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Wednesday, July 06, 2022

FOMC Minutes "Near-term inflation outlook had deteriorated"

by Calculated Risk on 7/06/2022 02:10:00 PM

From the Fed: Minutes of the Federal Open Market Committee, June 14-15, 2022. Excerpt on inflation risks:

In their discussion of risks, participants emphasized that they were highly attentive to inflation risks and were closely monitoring developments regarding both inflation and inflation expectations. Most agreed that risks to inflation were skewed to the upside and cited several such risks, including those associated with ongoing supply bottlenecks and rising energy and commodity prices. Participants judged that uncertainty about economic growth over the next couple of years was elevated. In that context, a couple of them noted that GDP and gross domestic income had been giving conflicting signals recently regarding the pace of economic growth, making it challenging to determine the economy's underlying momentum. Most participants assessed that the risks to the outlook for economic growth were skewed to the downside. Downside risks included the possibility that a further tightening in financial conditions would have a larger negative effect on economic activity than anticipated as well as the possibilities that the Russian invasion of Ukraine and the COVID-related lockdowns in China would have larger-than-expected effects on economic growth.

In their consideration of the appropriate stance of monetary policy, participants concurred that the labor market was very tight, inflation was well above the Committee's 2 percent inflation objective, and the near-term inflation outlook had deteriorated since the time of the May meeting. Against this backdrop, almost all participants agreed that it was appropriate to raise the target range for the federal funds rate 75 basis points at this meeting. One participant favored a 50 basis point increase in the target range at this meeting instead of 75 basis points. All participants judged that it was appropriate to continue the process of reducing the size of the Federal Reserve's balance sheet, as described in the Plans for Reducing the Size of the Federal Reserve's Balance Sheet that the Committee issued in May. In light of elevated inflation pressures and signs of deterioration in some measures of inflation expectations, all participants reaffirmed their strong commitment to returning inflation to the Committee's 2 percent objective. Participants observed that a return of inflation to the 2 percent objective was necessary for creating conditions conducive to a sustainably strong labor market over time.

In discussing potential policy actions at upcoming meetings, participants continued to anticipate that ongoing increases in the target range for the federal funds rate would be appropriate to achieve the Committee's objectives. In particular, participants judged that an increase of 50 or 75 basis points would likely be appropriate at the next meeting. Participants concurred that the economic outlook warranted moving to a restrictive stance of policy, and they recognized the possibility that an even more restrictive stance could be appropriate if elevated inflation pressures were to persist.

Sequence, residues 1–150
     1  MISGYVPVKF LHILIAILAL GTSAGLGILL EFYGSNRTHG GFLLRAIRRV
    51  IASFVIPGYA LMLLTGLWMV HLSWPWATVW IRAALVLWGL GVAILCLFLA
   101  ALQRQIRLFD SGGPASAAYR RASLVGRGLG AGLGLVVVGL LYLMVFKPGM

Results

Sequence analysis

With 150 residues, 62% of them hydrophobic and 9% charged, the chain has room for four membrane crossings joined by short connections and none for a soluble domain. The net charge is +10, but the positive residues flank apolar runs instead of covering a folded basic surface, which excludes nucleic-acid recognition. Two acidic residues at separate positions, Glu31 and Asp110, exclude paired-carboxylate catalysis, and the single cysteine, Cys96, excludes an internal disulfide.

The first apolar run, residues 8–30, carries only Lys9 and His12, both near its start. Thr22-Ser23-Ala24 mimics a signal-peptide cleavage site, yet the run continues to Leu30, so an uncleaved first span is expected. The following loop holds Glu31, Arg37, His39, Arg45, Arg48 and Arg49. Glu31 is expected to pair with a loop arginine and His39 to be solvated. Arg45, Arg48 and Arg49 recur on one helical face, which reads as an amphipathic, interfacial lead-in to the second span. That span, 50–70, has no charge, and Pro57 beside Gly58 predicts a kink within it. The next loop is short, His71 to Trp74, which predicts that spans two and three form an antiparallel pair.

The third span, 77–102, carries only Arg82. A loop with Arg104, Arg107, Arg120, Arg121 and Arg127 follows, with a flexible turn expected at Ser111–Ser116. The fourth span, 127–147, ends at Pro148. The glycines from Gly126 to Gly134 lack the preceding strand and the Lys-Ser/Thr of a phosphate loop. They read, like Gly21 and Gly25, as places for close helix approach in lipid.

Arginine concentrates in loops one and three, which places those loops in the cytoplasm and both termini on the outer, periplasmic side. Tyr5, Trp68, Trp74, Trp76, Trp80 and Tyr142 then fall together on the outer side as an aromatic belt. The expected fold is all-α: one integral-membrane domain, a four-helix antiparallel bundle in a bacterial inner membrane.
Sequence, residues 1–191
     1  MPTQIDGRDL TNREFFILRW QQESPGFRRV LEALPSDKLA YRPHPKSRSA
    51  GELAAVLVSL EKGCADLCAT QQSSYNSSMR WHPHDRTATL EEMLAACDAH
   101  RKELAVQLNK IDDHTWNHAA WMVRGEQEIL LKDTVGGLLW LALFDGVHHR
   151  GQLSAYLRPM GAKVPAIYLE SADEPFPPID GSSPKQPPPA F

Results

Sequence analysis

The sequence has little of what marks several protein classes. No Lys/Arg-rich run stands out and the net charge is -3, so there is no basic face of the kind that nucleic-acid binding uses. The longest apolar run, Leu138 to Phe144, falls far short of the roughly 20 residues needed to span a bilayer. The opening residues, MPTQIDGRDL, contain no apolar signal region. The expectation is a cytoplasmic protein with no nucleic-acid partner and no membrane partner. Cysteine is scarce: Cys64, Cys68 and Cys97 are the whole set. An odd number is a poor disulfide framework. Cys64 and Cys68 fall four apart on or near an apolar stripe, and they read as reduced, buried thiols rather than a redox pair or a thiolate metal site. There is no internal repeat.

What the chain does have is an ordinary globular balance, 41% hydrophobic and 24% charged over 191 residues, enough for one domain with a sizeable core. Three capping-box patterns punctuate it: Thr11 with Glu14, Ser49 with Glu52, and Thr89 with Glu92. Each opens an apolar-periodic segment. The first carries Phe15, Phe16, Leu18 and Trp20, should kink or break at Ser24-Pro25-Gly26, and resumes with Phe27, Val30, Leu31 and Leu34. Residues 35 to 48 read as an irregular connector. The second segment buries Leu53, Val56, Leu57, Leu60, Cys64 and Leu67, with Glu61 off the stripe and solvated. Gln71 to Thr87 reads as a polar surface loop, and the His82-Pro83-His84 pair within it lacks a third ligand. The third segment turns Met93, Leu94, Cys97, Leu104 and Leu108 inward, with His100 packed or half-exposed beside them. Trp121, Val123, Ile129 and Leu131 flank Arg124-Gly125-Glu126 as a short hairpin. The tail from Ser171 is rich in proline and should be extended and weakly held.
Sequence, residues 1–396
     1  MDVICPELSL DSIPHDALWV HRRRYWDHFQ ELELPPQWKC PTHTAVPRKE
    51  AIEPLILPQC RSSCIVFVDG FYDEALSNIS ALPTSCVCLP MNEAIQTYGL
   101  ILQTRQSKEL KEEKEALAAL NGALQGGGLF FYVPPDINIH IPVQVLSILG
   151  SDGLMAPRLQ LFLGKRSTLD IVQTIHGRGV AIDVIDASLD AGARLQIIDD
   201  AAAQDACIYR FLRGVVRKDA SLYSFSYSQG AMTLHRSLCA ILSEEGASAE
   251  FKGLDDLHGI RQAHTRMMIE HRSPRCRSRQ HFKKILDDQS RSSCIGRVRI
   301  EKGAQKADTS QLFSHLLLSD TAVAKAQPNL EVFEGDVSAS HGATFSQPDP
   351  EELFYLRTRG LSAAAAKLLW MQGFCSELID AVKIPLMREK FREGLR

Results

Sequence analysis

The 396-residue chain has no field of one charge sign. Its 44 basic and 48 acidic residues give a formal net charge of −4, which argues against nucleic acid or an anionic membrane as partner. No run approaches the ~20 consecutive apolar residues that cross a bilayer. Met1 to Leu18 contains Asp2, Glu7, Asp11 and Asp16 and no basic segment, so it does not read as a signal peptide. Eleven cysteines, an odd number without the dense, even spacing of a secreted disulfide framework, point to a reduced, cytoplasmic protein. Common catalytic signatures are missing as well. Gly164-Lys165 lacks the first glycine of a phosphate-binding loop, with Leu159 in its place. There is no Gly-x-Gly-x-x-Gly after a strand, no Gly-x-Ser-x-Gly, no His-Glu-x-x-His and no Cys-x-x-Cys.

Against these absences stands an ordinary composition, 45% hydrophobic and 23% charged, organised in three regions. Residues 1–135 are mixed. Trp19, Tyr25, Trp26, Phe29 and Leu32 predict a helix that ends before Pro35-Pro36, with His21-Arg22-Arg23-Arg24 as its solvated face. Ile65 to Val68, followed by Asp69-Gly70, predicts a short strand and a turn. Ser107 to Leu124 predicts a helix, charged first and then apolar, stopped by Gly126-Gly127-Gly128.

Participants noted that, with the federal funds rate expected to be near or above estimates of its longer-run level later this year, the Committee would then be well positioned to determine the appropriate pace of further policy firming and the extent to which economic developments warranted policy adjustments. They also remarked that the pace of rate increases and the extent of future policy tightening would depend on the incoming data and the evolving outlook for the economy. Many participants noted that the Committee's credibility with regard to bringing inflation back to the 2 percent objective, together with previous communications, had been helpful in shifting market expectations of future policy and had already contributed to a notable tightening of financial conditions that would likely help reduce inflation pressures by restraining aggregate demand. Participants recognized that ongoing policy firming would be appropriate if economic conditions evolved as expected.

At the current juncture, with inflation remaining well above the Committee's objective, participants remarked that moving to a restrictive stance of policy was required to meet the Committee's legislative mandate to promote maximum employment and price stability. In addition, such a stance would be appropriate from a risk management perspective because it would put the Committee in a better position to implement more restrictive policy if inflation came in higher than expected. Many participants judged that a significant risk now facing the Committee was that elevated inflation could become entrenched if the public began to question the resolve of the Committee to adjust the stance of policy as warranted. On this matter, participants stressed that appropriate firming of monetary policy, together with clear and effective communications, would be essential in restoring price stability.

Participants remarked that developments associated with Russia's invasion of Ukraine, the COVID-related lockdowns in China, and other factors restraining supply conditions would affect the inflation outlook and that it would likely take some time for inflation to move down to the Committee's 2 percent objective. Participants also judged that maintaining a strong labor market during the process of bringing inflation down to 2 percent would depend on many factors affecting demand and supply. Participants recognized that policy firming could slow the pace of economic growth for a time, but they saw the return of inflation to 2 percent as critical to achieving maximum employment on a sustained basis.
emphasis added